Devil-may-care attitude, mismatched underwear and cigarettes after sex. Those are the characteristics of the young protagonists in David Shama’s (b. 1977, Switzerland) photo book Do Not Feed Alligators (2018). By mixing elements of existentialism with a "live fast die young" philosophy, the New York-based photographer reveals the idea of a post-capitalist decadent America that has lost its status of a Dream and has become a contemporary metaphor of a road to nowhere.
A surreal dream world filled with apocalyptic landscapes, abandoned cars, cheap motels and leftover snacks is what motivated Shama to create his own scenario through photographs. His narrative is similar to what legendary New York photographer Nan Goldin (b. 1953) constructed in The Ballad of Sexual Dependency (1985), and what Ryan McGinley (b. 1977) highlighted in his recently published project The Kids Were Alright (2017). Each of them show hip young people, exuding boredom and loneliness in a forgotten and decaying environment.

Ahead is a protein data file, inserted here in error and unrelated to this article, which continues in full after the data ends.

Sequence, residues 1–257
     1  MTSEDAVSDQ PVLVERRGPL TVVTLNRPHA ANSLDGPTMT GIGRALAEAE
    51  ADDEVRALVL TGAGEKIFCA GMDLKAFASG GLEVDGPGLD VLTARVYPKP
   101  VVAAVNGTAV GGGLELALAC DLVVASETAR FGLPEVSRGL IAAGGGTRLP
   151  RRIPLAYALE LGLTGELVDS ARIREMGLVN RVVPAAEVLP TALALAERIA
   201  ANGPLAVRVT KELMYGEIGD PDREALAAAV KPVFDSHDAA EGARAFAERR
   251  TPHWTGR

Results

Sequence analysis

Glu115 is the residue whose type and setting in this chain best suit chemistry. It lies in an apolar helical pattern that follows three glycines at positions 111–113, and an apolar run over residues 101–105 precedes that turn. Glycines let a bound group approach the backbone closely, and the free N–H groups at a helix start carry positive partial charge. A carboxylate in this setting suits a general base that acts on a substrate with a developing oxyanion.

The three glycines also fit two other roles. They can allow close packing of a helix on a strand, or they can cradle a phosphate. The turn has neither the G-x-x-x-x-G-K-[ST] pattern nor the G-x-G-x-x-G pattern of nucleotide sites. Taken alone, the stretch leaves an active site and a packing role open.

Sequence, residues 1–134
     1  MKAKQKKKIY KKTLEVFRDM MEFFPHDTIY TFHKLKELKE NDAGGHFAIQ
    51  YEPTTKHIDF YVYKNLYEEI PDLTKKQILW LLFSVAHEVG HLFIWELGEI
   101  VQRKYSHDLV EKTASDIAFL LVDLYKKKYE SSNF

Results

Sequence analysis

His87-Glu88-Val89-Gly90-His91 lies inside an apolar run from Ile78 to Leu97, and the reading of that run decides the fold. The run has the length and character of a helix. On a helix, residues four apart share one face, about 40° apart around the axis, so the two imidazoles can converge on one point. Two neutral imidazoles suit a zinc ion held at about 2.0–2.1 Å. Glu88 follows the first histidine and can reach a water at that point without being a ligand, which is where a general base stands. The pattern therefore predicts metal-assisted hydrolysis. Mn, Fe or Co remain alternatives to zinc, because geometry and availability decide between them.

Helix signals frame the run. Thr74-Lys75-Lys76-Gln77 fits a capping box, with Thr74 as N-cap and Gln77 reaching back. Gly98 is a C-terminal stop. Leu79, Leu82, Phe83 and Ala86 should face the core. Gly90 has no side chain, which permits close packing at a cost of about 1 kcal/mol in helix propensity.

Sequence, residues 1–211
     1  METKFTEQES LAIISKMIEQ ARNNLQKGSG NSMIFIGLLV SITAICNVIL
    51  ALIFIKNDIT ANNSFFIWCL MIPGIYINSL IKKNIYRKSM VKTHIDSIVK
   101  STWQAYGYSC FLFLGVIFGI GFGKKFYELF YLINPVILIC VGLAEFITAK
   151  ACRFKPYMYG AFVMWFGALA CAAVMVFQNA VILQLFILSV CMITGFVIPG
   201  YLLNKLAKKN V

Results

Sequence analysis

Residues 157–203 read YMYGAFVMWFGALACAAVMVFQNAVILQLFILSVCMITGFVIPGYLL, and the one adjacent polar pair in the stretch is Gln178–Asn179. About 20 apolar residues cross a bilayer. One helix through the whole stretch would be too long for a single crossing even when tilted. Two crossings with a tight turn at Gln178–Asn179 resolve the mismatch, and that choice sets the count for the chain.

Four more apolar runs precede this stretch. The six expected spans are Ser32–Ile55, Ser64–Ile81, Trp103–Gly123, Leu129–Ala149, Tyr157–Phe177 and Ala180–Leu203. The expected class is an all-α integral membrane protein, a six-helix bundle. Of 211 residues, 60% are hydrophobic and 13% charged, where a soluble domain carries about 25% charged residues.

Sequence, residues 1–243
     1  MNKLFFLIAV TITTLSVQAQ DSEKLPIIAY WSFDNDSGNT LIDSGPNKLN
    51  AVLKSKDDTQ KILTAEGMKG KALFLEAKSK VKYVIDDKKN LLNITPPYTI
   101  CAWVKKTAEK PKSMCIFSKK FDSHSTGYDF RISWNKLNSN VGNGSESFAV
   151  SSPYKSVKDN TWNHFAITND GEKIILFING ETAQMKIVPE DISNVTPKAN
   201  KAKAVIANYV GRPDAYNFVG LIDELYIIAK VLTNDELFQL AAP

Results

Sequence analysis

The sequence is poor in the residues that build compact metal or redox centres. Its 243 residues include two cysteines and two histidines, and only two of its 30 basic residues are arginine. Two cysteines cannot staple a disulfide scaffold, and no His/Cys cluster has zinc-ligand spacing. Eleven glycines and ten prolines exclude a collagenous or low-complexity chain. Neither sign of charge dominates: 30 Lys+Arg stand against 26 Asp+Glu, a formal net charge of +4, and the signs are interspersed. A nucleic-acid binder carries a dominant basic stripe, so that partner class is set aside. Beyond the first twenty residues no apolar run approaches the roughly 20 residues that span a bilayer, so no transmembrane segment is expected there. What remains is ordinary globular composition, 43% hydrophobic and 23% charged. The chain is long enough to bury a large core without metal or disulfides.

Reckless behaviour of a millennial generation that somehow tries to fit in the new system, however still feels left behind, has been a recurring theme in Shama's work. It's also something that keeps reappearing in his fashion editorials for American Apparel, famous for its provocative tongue-in-cheek campaigns.